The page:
Jane D'Arista: This crisis has brought forth the notion of class warfare, the haves vs. the have-nots - July 28, 2010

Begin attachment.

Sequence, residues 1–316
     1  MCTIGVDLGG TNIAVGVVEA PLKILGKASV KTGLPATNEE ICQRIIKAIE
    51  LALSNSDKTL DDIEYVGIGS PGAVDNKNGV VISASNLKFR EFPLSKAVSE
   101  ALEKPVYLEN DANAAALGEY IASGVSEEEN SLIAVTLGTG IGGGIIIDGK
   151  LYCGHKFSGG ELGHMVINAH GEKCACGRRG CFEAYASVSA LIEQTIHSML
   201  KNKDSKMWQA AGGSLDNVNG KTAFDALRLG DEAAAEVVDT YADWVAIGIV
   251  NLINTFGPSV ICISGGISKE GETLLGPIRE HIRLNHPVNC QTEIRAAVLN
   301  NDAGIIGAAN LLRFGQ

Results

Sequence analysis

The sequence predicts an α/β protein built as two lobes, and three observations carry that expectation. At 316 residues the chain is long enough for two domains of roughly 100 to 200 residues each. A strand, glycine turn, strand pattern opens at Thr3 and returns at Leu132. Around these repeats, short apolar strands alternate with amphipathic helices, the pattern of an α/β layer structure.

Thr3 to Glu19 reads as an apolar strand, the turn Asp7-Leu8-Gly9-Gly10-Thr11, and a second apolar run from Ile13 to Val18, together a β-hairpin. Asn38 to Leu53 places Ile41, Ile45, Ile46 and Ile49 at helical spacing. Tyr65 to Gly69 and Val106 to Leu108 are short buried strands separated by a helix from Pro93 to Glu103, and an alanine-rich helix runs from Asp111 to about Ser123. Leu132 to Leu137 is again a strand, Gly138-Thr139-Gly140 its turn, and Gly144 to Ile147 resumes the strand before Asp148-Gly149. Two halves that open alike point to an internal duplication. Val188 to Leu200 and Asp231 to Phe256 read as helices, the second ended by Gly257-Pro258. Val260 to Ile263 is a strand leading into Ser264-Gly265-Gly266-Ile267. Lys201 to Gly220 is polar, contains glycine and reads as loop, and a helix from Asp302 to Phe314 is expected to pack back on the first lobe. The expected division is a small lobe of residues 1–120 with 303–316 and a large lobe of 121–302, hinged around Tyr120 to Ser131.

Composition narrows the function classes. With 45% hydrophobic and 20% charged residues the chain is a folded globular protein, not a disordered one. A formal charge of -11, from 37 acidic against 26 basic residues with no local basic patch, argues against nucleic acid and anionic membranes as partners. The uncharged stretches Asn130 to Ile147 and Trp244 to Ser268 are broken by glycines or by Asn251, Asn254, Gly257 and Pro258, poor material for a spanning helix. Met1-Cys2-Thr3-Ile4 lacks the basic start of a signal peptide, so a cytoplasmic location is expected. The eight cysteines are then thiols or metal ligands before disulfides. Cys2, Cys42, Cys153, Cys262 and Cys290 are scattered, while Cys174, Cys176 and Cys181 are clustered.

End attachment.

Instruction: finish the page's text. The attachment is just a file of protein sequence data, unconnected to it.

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Jane D'Arista is a research associate with the Political Economy Research Institute (PERI), University of Massachusetts, Amherst where she also co-founded an Economists’ Committee for Financial Reform called SAFER, i.e. stable, accountable, efficient & fair reform (http://www.peri.umass.edu/safer/). She is also a research associate at the Economic Policy Institute. Jane served as a staff economist for the Banking and Commerce Committees of the U.S. House of Representatives, as a principal analyst in the international division of the Congressional Budget Office. Representing Americans for Financial Reform, Jane has currently given Congressional testimony at financial services hearings. Jane has lectured at the Boston University School of Law, the University of Massachusetts at Amherst, the University of Utah and the New School University and writes and lectures internationally. Her publications include The Evolution of U.S. Finance a two-volume history of U.S. monetary policy and financial regulation.